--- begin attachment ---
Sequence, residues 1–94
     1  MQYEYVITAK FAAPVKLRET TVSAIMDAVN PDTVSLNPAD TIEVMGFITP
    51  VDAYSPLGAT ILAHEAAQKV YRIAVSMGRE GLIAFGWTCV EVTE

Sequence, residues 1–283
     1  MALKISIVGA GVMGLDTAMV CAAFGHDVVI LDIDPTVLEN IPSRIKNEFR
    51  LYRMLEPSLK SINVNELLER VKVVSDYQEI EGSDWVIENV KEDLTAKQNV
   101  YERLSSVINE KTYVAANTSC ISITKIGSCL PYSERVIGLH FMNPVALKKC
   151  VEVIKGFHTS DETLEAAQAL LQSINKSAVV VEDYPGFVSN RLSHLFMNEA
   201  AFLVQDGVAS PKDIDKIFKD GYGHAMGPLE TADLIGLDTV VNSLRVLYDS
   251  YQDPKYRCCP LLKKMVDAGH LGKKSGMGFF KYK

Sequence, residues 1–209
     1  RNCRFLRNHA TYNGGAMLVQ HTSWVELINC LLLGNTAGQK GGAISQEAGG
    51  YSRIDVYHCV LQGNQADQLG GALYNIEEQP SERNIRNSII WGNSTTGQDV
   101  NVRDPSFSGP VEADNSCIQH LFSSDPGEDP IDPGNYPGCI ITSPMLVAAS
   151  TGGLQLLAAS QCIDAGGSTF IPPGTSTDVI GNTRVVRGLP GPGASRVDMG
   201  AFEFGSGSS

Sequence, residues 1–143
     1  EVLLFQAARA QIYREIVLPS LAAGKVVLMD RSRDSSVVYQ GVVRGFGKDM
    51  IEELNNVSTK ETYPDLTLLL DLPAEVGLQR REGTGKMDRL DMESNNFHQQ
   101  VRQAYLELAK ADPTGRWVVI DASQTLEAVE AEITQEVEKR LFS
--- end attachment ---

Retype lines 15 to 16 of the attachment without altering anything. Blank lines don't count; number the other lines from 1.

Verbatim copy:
   151  TGGLQLLAAS QCIDAGGSTF IPPGTSTDVI GNTRVVRGLP GPGASRVDMG
   201  AFEFGSGSS